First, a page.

Intriguing Sights No.3

A bit beyond the graveyard at Bendochy in Perthshire, there’s an Intriguing Sight parked up on grass just off the road.

At first sight it might not seem all that intriguing. If you’re familiar with the British landscape you might think it was just one of those old – probably defunct – red phoneboxes:

In my youth we didn’t have mobile phones. In order to make calls when out and about, we relied on the Post Office to provide red phoneboxes with public phones in them. You could shove a 10p piece into a slot to make a call, and when the money was running out the ‘pips’ would alert you to the fact that you were about to be cut off. This was all part of normal life.

In this day and age, with virtually everyone having a mobile phone, I don’t know how many red phoneboxes still contain working phones, but it seems to me to be not very many.

Britain’s red phoneboxes, or kiosks as they were first known, came into being in 1921, and were painted red to make them stand out. There have been a variety of designs over the years, all of which are illustrated and described on the impressively detailed website, The Telephone Box.

When you get closer to the phonebox at Bendochy, you find that where it used to say ‘TELEPHONE’ in the white space at the top, it now says ‘Bendochy’ and there’s a little ‘i’ after it, signifying ‘information’.

As you approach the door of the phonebox, you might think you’re seeing shelves of books inside:

And you’d be quite right:

The sides of the phonebox that are not supporting books or acting as the door, are mounted with pinboards, one of which has maps of the area stuck to it, and an explanation of what’s going on inside the phonebox:

The pinboard on the other side has been left for advertisements:

I keep meaning to pin up a little flyer about my book on the pinboard, and stick a copy of the book on a bookshelf.

Bendochy’s phonebox is just one of over 1,500 such boxes to have been adopted by local communities and put to good use now that they no longer contain phones.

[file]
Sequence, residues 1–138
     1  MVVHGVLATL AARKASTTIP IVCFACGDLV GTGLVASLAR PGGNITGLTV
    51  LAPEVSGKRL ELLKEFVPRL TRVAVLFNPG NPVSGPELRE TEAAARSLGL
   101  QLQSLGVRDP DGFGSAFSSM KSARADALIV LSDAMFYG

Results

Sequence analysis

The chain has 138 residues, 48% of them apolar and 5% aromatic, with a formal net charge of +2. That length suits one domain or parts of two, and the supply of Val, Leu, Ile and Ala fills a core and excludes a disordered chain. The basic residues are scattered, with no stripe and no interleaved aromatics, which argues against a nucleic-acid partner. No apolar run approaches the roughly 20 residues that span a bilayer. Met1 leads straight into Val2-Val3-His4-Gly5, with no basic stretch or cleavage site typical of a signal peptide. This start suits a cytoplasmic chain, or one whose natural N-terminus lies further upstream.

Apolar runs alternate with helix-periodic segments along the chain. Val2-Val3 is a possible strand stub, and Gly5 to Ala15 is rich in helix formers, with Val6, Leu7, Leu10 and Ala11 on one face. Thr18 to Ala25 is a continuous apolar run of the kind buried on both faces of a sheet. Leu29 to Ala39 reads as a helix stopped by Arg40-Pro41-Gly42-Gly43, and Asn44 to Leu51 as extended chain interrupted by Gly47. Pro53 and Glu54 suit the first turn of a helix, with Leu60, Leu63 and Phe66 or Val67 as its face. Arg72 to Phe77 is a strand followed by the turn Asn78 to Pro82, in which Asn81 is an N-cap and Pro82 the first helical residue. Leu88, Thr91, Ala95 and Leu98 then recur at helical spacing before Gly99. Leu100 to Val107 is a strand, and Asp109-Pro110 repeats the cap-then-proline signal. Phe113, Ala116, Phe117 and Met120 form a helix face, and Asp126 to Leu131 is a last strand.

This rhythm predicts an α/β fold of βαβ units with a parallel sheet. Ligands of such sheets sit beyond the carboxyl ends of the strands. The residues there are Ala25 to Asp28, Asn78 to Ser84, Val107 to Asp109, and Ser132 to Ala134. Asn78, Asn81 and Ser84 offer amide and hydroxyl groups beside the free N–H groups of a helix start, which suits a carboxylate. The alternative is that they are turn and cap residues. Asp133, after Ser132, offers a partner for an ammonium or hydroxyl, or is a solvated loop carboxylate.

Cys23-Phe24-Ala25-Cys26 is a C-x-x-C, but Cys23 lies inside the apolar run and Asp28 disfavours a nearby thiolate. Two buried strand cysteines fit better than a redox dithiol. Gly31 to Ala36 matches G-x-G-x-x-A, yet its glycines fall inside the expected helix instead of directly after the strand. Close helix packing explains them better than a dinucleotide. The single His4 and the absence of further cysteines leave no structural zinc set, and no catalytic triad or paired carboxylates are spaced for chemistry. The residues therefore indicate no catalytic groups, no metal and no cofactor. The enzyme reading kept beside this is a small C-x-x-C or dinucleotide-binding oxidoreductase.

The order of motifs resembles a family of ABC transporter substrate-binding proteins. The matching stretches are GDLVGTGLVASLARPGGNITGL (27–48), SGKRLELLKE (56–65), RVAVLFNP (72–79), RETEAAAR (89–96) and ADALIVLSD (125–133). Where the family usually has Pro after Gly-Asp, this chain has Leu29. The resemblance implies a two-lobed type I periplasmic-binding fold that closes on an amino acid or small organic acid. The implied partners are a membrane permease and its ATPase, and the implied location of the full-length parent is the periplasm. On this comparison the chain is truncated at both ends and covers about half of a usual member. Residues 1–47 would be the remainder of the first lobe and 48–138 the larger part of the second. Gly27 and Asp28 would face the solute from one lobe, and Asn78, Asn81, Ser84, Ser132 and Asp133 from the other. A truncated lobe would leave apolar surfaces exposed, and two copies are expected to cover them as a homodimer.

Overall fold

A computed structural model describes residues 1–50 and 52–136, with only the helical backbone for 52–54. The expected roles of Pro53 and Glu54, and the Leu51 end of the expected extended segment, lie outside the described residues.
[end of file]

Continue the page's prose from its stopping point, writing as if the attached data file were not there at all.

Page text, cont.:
The decomissioned boxes have found all sorts of new leases of life. Quite a few contain defibrillators purchased by local villagers and installed in case of medical emergencies. There are also phoneboxes that have turned into art galleries and grocery shops.

If you fancy adopting your local phonebox, you can do it for the bargain price of £1.00 by applying to British Telecom.

They have a website all about it here, and they’re very keen to hear from people with interesting suggestions.

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Categories: Architecture, Bendochy, Books, Inspiration, Intriguing Sights, Phoneboxes, Photography, Scotland, Tearoom Delights | Tags: , , , , , , , , , , , , , , , , , , , , , , , , , | 46 Comments

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46 thoughts on “Intriguing Sights No.3

  1. Love that idea, need to put my thinking hat on for uses! Ta, ax

  2. What a great idea for a phone box. Would hate to see them disappear!

  3. Could they not be cake dispensers – local volunteers baking and restocking them every morning? With an honesty box or box for ious.

  4. What a clever idea, makes me want to have one, lol, if I could think where to put it and what to use it for, other than providing an impromptu shelter from a sudden downpour ;-)

    • I’ve seen one in someone’s garden, but it’s right outside the house so unless they locked themselves out it wouldn’t be especially useful. It is a nice idea to have one though, isn’t it? Perhaps you could get one of those blue police boxes and a pillar box to go with it. :-)

  5. I am so old I remember 2p and the frustration of a coin box which hadn’t been emptied.

    • I did wonder if I could remember the pre-10p days but I’m not sure. Could you ever use a 5p piece for a call? I don’t remember 2p being enough to make a call, but I do remember full coin boxes when you couldn’t get your coin to go in.

  6. This is fabulous! So great that the boxes are being used.

  7. Some of the red phone boxes have found their way to Houston and are used as “sign posts” for a neighborhood known as Upper Kirby. They’re cute, quaint, and add some personality. If you want to see them, go to this blog: http://namabanana.blogspot.com/2011/03/three-red-telephone-boxes.html

    • That’s wonderful Marian, thank you! I wonder how many countries they’ve ended up in, it hadn’t even occurred to me that they’d have ventured beyond these shores.

  8. Ingenious! I thought for a moment you were going to say it was a miniaturised T.I and the assistant was lurking in the nearby tearooms?

    • It is ingenious, I agree. Definitely full size though, I stood inside it. Sadly there are no tearooms that close to it, which is a pity as it’d be nice to take a book from there and then sip a cup of tea in view of the phonebox.

  9. That is such a good idea, so much better than leaving them derelict or vandalised. In a few years’ time they will be wishing they’d made them Listed Buildings. It’s hard to explain to the girls just what life was like without mobile phones, and without the internet. So much simpler, and it was certainly quieter! I’m enjoying your Intriguing Sights, by the way!